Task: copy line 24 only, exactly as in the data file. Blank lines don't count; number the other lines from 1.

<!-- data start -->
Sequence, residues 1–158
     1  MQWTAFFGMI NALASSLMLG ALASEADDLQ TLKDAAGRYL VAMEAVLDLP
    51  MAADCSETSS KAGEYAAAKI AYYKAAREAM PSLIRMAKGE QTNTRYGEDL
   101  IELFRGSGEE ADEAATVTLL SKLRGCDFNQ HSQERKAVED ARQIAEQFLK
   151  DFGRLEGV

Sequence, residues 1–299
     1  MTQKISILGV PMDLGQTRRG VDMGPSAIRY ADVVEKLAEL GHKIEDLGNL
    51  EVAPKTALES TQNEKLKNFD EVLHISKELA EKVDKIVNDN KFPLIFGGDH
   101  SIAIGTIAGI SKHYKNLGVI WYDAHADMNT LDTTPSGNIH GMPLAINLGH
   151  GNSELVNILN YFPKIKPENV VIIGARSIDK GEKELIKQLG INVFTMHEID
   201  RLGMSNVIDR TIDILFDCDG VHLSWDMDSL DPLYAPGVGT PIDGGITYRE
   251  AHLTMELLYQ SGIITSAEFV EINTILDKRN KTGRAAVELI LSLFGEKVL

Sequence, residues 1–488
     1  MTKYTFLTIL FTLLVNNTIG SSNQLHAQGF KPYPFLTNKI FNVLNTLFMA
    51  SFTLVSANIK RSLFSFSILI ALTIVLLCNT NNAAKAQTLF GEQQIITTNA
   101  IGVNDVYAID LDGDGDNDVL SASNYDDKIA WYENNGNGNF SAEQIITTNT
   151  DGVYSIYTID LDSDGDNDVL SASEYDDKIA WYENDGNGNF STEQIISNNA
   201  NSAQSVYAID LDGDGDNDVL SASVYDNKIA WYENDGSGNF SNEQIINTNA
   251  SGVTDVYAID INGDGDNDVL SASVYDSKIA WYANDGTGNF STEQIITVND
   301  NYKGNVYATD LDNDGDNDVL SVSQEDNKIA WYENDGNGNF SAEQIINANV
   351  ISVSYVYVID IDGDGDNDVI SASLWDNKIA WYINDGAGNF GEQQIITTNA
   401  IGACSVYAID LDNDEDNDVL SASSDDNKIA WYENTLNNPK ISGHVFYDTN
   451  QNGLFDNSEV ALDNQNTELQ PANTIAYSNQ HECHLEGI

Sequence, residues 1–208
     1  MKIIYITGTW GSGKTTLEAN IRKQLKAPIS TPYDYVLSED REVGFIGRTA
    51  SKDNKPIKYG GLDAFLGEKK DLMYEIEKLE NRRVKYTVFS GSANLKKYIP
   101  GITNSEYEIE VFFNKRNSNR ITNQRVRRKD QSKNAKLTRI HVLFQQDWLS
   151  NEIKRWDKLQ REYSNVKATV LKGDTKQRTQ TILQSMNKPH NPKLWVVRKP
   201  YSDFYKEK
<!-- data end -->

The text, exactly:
Sequence, residues 1–208